McKale Center opened in 1973 with 46 offices, five handball courts, a storage area for the drama department and a playing surface made essentially of rubber.
After struggling for three years to arrange financing, it was built on the cheap, for $8.4 million. How cheap? About 1,200 yellow plastic chair backs were installed in the upper deck.
Maybe nobody would notice.
Now, McKale Center has more than 90 offices, a Hall of Fame, an academic center and a travel agency. Those yellow seats? Still there.
On Monday, school president Ann Weaver Hart took particular glee to announce “those beautiful, iconic yellow seats have to go.”
It is going to cost the UA about $30 million to redo all the McKale Center seats, the playing surface, the video board, the locker rooms and do a few other touch-up jobs. By comparison, the school is spending about $13 million to redo Old Main.
You don’t spend this kind of money — eventually, the UA plans to spend $80 million for a total re-make of McKale Center — unless your commitment to excellence is matched by community devotion.
“This is only Phase I,” Arizona athletic director Greg Byrne said. “There is more to come.”
Despite the team’s No. 1 ranking, isn’t that the working theme of Arizona basketball? There Is More To Come.
Washington State’s Beasley Coliseum (1973), Utah’s Huntsman Center (1969) and ASU’s Wells Fargo Arena (1974) are contemporaries of McKale Center, all showing their age, all in need of tens of millions of dollars in renovations.
Only Byrne has taken prompt action. While his competitors are concentrating on football projects, Byrne opened the doors to the $72 million Lowell-Stevens Football Facility in August and then punched the accelerator on the McKale project.
Nobody in this league does that unless you have Oregon/Nike money.
“We’re starting to look into modernization of Wells Fargo Arena,” former ASU athletic director Steve Patterson said before he became Texas’ AD.
WSU athletic director Bill Moos recently said a makeover at Beasley Coliseum is “part of our long-range strategic plan.”
The difference is that Arizona can’t afford to wait; it must keep McKale Center as a showplace. It is the front porch of Tucson, the building through which hundreds of thousands of Wildcat fans view themselves as winners.
“McKale Center is an iconic building, and that can be a little bit of a problem,” Hart said. “We want it to be an iconic building with a face-lift.”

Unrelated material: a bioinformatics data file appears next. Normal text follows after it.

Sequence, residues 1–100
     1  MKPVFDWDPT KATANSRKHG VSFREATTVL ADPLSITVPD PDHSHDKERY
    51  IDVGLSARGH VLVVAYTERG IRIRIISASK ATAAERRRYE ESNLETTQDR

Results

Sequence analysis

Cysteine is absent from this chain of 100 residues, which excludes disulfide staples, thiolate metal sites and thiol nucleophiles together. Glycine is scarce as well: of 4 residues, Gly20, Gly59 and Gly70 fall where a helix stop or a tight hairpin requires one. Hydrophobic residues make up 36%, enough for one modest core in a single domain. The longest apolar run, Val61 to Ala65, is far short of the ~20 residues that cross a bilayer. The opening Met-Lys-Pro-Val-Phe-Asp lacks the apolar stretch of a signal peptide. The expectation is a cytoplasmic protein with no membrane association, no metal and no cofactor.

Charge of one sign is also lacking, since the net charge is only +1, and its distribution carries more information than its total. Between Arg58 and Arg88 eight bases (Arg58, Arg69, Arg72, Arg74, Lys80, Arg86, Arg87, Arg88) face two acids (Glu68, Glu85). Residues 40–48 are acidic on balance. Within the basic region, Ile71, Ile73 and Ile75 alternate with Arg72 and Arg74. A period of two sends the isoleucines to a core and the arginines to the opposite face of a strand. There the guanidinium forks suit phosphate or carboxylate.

Can you imagine how difficult it is for Craig Robinson to build Oregon State into a Top 25 basketball operation?
OSU was the league’s top basketball program when Arizona hired Lute Olson was hired in 1983 and Gill Coliseum was the best game-day experience. Olson soon supplanted the Beavers, who have struggled to win for 25 years.
Just to get back on the map, OSU last year spent $15 million on a basketball training facility and a $3 million more sandblasting and sealing the exterior of 64-year-old Gill Coliseum, replacing all the windows and doors.
Slow on the draw, slow to protect their investment, the Beavers have never recaptured the long-ago magic. On Sunday, Oregon State drew 2,404 at Gill Coliseum.
Neither Byrne nor Hart were in office when Olson departed Arizona and his work put into jeopardy by two transitional seasons of theatrics. Byrne inherited Sean Miller, which should forever assure former AD Jim Livengood’s legacy, but Hart’s arrival created some uncertainty.
As the president of Temple, she did not act to set that school’s athletic department on a full-speed-ahead course. Indeed, Temple last month eliminated seven sports, including baseball and softball. The school does not have a flagship sports identity, lost in a jumble of Philadelphia pro sports.
At Arizona, the only game in town, Hart has obviously seen the merit of a basketball program around which the community identifies and embraces.
“I’m committed to making available to our student-athletes the highest qualify facilities,” she said Monday.
In recent years, Colorado built a basketball practice facility; Washington spent $40 million to remake Alaska Airlines Arena; Stanford paid $30 million for a redo of Maples Pavilion; UCLA spent about $140 million to modernize Pauley Pavilion; Oregon and USC erected sparkling new basketball arenas.
McKale isn’t a relic — it still has the Pac-12’s most raucous game-day atmosphere — but it was no longer singular, alone at the top.
Two years ago, while recruiting prep All-American Kaleb Tarczewski, Miller was eager to show off the UA’s locker room.
“How does it compare with the others you’ve seen?” he asked.
“Very similar,” Zeus said.
It was a signal that McKale Center was showing its age, a wrinkle here, a yellow seat there.
This is one face-lift that shouldn’t hurt a bit.